When searching for the most secure method of two-factor authentication (2FA) –– also known as multi-factor authentication (MFA) –– biometrics are often the first to come to mind. The data is extremely difficult to replicate, and because it’s a relatively new technology, methods of bypassing it are still in their infancy. This has led some to wonder whether it’s the next generation of identity security. We seek to explore that idea in our list of biometric authentication pros and cons.
Biometric 2FA Overview
Biometric 2FA, or biometric authentication, is a method of verifying a user’s identity using a piece of “who they are” such as their fingerprint, facial features, hand shape, iris structure, voice, or typing behavior (such as how strongly a user depresses keys on their keyboard).
These factors contain a large number of unique data points that require sophisticated technology to replicate, which most bad actors don’t have access to. Because of this, many organizations regard biometric authentication as one of the strongest, if not the strongest, method for authenticating users.
The main barrier to widespread adoption of biometric methods is the cost, as any cutting-edge technology comes with a steep price tag. Having said that, there are a few factors to consider before setting aside funds to become early adopters.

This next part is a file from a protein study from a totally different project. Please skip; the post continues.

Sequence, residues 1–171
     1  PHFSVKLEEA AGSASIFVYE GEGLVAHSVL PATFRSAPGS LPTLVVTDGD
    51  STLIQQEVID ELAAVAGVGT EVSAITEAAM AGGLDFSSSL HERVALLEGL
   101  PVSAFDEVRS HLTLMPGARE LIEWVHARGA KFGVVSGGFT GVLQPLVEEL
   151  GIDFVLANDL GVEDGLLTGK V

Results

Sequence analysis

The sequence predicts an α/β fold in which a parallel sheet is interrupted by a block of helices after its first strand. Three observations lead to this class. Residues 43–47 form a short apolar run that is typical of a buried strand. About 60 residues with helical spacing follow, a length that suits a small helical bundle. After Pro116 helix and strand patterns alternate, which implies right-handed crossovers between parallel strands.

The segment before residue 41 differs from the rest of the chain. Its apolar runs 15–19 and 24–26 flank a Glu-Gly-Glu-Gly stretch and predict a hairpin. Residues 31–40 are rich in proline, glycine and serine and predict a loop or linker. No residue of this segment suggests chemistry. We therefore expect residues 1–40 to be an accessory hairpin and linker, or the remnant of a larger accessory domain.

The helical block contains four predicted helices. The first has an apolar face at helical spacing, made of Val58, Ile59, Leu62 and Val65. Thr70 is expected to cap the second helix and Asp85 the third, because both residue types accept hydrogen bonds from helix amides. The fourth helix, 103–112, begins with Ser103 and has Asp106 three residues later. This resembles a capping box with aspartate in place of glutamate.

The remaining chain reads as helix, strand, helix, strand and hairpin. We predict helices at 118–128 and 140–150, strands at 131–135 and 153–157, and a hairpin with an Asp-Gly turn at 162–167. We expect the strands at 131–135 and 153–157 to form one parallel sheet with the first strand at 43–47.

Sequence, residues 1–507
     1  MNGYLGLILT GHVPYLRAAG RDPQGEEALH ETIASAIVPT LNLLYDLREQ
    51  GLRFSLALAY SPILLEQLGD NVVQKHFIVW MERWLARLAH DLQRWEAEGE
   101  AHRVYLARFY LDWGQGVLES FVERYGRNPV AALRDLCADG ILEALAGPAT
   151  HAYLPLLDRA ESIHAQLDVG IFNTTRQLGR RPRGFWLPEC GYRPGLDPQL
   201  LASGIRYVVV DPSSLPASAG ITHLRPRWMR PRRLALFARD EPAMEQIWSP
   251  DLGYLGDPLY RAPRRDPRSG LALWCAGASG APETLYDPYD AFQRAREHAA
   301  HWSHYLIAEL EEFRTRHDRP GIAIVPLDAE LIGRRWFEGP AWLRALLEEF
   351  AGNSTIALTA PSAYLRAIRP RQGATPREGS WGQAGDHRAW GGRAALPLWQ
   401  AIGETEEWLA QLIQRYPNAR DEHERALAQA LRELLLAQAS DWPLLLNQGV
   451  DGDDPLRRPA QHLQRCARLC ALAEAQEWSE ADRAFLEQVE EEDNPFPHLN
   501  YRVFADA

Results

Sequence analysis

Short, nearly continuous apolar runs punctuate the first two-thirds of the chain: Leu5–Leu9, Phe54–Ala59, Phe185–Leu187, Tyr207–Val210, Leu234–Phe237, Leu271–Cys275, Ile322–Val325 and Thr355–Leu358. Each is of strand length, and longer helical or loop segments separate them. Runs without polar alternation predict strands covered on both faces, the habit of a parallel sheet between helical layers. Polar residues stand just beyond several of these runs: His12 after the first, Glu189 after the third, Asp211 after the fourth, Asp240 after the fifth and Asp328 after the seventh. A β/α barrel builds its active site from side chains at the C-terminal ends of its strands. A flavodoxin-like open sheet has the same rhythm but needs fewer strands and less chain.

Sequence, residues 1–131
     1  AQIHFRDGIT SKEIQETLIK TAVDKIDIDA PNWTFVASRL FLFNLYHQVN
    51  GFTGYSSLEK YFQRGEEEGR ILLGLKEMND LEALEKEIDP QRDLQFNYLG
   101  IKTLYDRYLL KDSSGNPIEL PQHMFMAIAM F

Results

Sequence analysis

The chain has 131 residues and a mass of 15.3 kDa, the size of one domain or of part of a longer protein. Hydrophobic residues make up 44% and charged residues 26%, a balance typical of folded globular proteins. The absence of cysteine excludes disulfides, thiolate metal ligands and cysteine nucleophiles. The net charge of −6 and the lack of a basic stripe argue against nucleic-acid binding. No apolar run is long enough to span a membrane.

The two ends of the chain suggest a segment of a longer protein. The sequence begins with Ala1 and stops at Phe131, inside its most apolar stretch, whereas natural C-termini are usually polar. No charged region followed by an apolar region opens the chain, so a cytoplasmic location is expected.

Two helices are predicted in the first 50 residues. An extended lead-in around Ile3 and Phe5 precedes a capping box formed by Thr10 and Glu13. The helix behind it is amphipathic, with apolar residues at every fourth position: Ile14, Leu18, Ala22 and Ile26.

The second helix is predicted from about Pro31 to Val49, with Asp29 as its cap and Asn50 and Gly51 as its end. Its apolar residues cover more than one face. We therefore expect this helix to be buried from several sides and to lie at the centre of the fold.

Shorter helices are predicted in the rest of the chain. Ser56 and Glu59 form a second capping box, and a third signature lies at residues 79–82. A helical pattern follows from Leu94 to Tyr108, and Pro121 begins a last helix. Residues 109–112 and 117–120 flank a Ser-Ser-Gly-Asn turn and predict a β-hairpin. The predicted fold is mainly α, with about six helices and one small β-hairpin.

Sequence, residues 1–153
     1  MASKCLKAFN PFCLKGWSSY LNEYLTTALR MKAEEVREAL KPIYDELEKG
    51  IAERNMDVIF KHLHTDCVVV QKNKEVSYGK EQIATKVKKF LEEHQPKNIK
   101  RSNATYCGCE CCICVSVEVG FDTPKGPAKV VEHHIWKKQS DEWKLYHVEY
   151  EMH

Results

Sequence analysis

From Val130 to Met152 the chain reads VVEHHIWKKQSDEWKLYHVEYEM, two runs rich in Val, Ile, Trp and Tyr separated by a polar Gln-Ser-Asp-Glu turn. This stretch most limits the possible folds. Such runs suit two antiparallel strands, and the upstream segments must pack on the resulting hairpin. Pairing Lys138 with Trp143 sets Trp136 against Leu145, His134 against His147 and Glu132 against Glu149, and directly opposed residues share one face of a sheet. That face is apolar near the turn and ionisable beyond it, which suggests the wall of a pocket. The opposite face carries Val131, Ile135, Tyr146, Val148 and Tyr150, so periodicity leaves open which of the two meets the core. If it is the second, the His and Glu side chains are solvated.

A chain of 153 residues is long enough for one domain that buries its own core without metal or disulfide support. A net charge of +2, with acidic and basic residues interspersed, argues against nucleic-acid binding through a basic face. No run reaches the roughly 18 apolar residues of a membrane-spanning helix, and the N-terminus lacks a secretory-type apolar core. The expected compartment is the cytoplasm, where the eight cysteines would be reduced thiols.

- Unique data is harder to crack: The data biometric authentication uses has such fine variations from one person to the next that they’re nearly impossible to replicate without advanced tools.
- Fast, convenient authentication: Biometric authentication lets users access their resources instantaneously. All they need to do is present their biometric factor (face, fingerprint, voice, etc.), and assuming it matches the data stored in their authenticator, they will be granted access. This eliminates the need for passkeys, cards, and other traditional forms of 2FA.
- Scalable: As an organization grows, their security needs to grow with them. Most biometric 2FA solutions easily accept new user data and are very flexible, so growing organizations don’t need to worry as much about scaling their security when people join the company.
- Unrecoverable if compromised: Although biometric data is (Read more...)